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Fashion Ads in the Digital Age

Updated on June 24, 2017
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Advertisements that don't make me want to turn off my device

Ads are trying far too hard to cross into the boundaries of filmmaking when selling the most inane products. The other day I saw a full on musical number for mosquito spray, I was inclined to just be bitten by the darn things rather than buy the product. Anything would be better than having flashbacks to a bad rendition of music from Grease. Whenever I am forced to look at ads - whether it's on YouTube, the television, or a bus wrap - most of the time I just block it out. Like most people I've become pretty good at it too. However, as the title of this article would suggest, certain types of ads place the product around the art, not the art around the product. I believe an industry that has been doing this particularly well is fashion.

This occurred to me when YouTube recommended me a music video. The French actress Marion Cotillard released a song called Enter the Game published by i-D, the fashion branch of VICE. It was only until I watched it the second time that I realised it was an ad for Dior. The video opens with a long shot of what could be a house in a Miley Cyrus video and zooms in to Cotillard lounging by the poolside. A ukulele begins to strum and so far it isn't too far out of the realm, sonically and visually, of an indie pop music video. The camera lingers on the bag she sits with but it doesn't take up our attention. Straight away the focus is on her and her bird-like vocals placed above the product. The product has taken a back seat and immediately you can tell that love has been put into the music and the filming. This isn't in the ugly subliminal way that Fight Club does it. The film's key product placement features a notoriously capitalist soda in an adaption of a famously anti-consumerist novel. That really strips back the textual integrity of the work. In contrast, this video is a celebration of beauty and Dior knows it's place within it.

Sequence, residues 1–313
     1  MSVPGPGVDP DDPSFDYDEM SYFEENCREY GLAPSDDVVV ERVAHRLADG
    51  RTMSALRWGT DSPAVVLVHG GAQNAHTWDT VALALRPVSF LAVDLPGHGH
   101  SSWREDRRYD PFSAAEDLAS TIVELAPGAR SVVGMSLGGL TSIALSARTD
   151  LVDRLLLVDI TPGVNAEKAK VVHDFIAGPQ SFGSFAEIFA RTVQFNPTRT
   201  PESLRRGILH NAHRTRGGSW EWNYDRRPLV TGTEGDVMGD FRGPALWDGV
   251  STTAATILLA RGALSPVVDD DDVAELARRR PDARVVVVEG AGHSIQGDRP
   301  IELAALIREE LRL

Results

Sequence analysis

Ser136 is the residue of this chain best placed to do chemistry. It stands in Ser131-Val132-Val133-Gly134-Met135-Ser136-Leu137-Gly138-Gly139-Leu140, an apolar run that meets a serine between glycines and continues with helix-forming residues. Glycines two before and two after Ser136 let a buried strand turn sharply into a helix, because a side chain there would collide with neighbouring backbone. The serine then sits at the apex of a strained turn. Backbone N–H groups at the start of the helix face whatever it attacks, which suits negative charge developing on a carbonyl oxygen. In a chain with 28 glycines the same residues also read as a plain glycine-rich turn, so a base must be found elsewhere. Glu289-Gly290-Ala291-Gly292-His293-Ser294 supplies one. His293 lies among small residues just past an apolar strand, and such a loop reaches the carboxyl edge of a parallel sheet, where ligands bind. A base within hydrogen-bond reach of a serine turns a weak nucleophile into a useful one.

Marion Cotillard's 'Enter the Game'

You can appreciate the song as if its saying, "yes, you can buy the handbag, or not. Just stay and enjoy the music." No one wants to be preached at and if companies would realise this I am sure that advertising wouldn't be such a dirty word.

If this were to become the trend in advertising, perhaps companies would waste less time fitting classic lyrics around bug spray and more on original songs and pieces of art. The internet is the gate keeper for this and while some brands and publishers, like the above, are beginning to do this others are sticking with the campaign formulas of the 2000s. I for one would love to see encouragement of art in more aspects of society and this is a way to do it.

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